Thousands gather to support public education at the Save Texas Schools March and Rally


Maria Arrellaga

Houston’s Sharpstown International School Senior John Baffoe leads a chant at the third annual Save Texas Schools March and Rally in front of the Capitol on Saturday afternoon. 

Alberto Long

A multicolor sea of homemade picket signs and the sound of marching bands and protest chants flooded Congress Avenue on Saturday as thousands of concerned students, parents, educators and advocates marched to the Capitol in support of enhanced public education in Texas. 

The third annual Save Texas Schools March and Rally, organized by Save Texas Schools, a statewide volunteer coalition demanding an end to financial cuts and a reevaluation of standardized testing, began at the Congress Avenue Bridge and converged at the steps of the Capitol. 

Sen. Kirk Watson, D-Austin, Diane Ravitch, former assistant Secretary of Education under George H.W. Bush, and other guests delivered lively disaffected speeches on the benefits of quality public education, the state’s negligent management of its funding and standardized testing procedures. 

Chief among the day’s concerns was the Legislature’s $5.4 billion budget cut to public education in 2011. The crowd demanded the Legislature tap into the state’s Rainy Day Fund to replenish the budget.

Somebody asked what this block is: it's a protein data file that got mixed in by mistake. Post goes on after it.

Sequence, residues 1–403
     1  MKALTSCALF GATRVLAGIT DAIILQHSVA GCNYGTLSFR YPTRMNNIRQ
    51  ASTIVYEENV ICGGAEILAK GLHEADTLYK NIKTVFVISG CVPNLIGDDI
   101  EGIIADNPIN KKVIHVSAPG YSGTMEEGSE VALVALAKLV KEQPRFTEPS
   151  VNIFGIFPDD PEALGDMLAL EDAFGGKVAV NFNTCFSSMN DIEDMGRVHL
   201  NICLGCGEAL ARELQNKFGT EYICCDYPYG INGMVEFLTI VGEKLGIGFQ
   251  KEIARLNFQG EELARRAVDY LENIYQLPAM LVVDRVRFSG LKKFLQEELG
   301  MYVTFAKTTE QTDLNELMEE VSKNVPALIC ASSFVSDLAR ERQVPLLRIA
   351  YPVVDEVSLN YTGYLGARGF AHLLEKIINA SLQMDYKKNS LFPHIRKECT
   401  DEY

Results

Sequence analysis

“[The Legislature is] sitting around like some litigious, deadbeat dad, waiting for an even higher court to force them to meet their responsibilities,” Watson said in his speech. “When our kids have a test, we expect them to show up and do well. It’s time to demand as much from this legislature as we demand from a child.”

The State of Texas Assessments of Academic Readiness, also called the STAAR exam, was a hot topic among the participants and speakers. 

At the rally, protesters framed standardized testing as an instance of squandered funds on behalf of the Legislature, citing the $500 million contract between the state and Pearson, the creator of the exam. Several protesters described it as discriminatory toward minority demographics and a hindrance toward legitimate classroom instruction. 

Many in attendance waved signs with slogans like “STAAR Wars” and “Enough STAARS in the sky.”

Ravitch said standardized testing is a monstrous idea and noted that the national shift toward standardized testing began in Texas. She petitioned those in attendance to fight back.

“Now the thing that is exciting about this rally, aside from the fact that you have [so many people coming together], is that Texas is the place where the testing madness started,” Ravitch said, “Texas is the place where the vampire gets garlic in its face, a mirror waved and a stake in its heart.” 

According to early estimates, the event drew in roughly 10,000 participants. Allen Weeks, director of Save Texas Schools, deemed the rally a political success. 

“I was overjoyed [by the march and rally],” Weeks said. “We had tons of people here. Everyone knows why they’re here. We’re going to change this. We’re going to get funding back in and testing out.”

Published on February 25, 2013 as "Texans protest for school reform".